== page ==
One of the most hotly disputed topics in twentieth-century history has been Germany’s share of responsibility—its “guilt”—for the outbreak of the two world wars. In this short, penetrating study, Europe’s leading authority on German power politics clarifies the dispute and offers insight into this central question about modern Germany.
Compelling… An important accomplishment for anyone with an interest in modern European history.
[A] masterpiece of historical interpretation… While innumerable works have analyzed the outbreak of both world wars in detail, these few pages present what most scholars regard as the last word on the question of German responsibility in each case…[and] shed considerable light on the entire course of German history. Thus all readers, whether specialties in the subject or not, can profit immensely from Hillgruber’s judicious assessment.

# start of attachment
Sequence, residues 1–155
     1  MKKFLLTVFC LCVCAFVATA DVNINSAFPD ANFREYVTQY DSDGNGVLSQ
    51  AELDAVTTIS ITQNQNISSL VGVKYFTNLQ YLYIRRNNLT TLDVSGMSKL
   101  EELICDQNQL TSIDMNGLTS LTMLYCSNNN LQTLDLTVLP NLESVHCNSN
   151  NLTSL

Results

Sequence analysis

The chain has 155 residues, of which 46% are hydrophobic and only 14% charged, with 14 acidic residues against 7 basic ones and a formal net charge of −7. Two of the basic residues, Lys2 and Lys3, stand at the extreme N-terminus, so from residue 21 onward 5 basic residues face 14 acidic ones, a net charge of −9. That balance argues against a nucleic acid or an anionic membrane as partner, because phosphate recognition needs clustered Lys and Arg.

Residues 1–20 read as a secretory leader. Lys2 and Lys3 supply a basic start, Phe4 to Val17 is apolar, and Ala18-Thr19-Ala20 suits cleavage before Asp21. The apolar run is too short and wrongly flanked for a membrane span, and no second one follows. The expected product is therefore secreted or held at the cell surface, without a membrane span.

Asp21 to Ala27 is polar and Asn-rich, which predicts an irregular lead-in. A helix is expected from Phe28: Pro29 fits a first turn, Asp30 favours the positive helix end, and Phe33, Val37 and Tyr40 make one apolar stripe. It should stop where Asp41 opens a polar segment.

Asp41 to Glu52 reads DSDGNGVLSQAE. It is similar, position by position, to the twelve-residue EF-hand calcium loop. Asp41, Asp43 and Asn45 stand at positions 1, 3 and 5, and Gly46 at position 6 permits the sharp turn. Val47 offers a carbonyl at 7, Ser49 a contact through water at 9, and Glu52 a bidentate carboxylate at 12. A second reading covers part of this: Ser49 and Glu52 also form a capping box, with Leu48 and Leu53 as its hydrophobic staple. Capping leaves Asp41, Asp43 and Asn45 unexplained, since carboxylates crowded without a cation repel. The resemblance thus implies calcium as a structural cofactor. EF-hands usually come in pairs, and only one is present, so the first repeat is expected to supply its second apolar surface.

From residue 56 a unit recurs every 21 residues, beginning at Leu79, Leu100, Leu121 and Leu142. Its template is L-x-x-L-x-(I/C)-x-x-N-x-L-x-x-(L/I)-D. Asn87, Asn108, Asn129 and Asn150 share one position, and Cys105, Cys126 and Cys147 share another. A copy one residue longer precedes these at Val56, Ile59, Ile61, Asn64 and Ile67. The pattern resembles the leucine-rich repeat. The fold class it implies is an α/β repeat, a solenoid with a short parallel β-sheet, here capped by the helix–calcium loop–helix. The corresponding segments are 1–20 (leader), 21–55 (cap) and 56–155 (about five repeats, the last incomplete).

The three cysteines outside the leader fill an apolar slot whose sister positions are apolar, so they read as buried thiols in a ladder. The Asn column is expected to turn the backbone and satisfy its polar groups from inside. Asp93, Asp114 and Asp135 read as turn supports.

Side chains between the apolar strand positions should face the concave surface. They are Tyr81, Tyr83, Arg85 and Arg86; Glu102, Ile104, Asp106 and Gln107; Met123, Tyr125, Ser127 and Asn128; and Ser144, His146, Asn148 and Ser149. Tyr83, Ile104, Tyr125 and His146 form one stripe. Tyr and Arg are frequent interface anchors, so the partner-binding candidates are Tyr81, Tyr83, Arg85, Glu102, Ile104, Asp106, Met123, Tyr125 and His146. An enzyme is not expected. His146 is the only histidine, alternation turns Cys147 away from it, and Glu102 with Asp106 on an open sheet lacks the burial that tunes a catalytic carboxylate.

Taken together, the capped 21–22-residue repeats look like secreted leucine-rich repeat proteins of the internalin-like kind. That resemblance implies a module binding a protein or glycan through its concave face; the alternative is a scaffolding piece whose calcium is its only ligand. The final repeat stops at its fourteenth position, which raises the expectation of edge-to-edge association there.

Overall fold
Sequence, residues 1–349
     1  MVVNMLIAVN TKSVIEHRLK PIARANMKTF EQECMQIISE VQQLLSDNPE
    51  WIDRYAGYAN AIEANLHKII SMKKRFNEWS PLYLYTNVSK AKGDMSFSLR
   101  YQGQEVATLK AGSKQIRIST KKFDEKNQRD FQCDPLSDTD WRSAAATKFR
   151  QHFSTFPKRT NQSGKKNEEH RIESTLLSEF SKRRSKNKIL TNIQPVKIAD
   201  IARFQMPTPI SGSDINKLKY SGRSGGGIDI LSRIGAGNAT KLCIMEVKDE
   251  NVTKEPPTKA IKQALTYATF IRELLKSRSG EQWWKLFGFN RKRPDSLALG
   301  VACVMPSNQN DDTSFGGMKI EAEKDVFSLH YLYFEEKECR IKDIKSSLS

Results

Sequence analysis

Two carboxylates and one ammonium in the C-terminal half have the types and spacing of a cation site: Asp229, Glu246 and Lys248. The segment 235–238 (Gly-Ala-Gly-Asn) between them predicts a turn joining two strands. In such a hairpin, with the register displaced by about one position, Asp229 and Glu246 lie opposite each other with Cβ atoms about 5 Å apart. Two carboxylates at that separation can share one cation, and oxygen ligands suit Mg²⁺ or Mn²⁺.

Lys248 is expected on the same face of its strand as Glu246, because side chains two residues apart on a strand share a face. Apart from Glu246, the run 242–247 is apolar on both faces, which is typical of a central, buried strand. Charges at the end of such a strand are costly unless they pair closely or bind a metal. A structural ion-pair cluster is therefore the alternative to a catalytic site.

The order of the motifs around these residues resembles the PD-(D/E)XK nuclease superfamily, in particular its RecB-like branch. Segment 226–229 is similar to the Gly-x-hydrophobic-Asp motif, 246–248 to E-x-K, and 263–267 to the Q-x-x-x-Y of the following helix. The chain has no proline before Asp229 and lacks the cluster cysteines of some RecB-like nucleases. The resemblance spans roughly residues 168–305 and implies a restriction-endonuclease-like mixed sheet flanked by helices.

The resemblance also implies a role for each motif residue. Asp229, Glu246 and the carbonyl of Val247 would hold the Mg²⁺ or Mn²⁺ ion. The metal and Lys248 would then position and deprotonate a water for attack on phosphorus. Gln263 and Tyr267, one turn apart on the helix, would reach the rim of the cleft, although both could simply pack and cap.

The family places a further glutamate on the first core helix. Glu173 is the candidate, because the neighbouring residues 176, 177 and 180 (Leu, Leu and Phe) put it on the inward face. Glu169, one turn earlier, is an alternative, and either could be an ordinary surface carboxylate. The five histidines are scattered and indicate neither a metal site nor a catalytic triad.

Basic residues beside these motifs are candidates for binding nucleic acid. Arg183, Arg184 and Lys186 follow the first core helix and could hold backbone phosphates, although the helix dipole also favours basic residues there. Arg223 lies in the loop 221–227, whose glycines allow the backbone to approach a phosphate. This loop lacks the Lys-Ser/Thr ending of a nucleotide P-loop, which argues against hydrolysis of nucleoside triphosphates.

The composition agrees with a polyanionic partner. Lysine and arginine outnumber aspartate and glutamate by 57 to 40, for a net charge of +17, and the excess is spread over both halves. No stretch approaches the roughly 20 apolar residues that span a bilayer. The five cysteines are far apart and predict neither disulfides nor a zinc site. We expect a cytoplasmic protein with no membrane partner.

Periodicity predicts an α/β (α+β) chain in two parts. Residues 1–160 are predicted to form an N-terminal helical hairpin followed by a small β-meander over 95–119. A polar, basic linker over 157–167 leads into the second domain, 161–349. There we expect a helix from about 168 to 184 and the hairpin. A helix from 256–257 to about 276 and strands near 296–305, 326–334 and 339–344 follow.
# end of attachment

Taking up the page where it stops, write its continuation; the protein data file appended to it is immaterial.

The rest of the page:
The force, cogency, and subtlety of Hillgruber’s presentation is matched only by his unexampled command of documentary materials… It is authoritative and compelling—a modern historical classic that should gain the highest esteem and widest public.
Andreas Hillgruber is Professor of History, University of Cologne.
William C. Kirby is Spangler Family Professor of Business Administration and T. M. Chang Professor of China Studies at Harvard University, as well as Chair of the Harvard China Fund and Faculty Chair of the Harvard Center Shanghai. His many books include Can China Lead? Reaching the Limits of Power and Growth.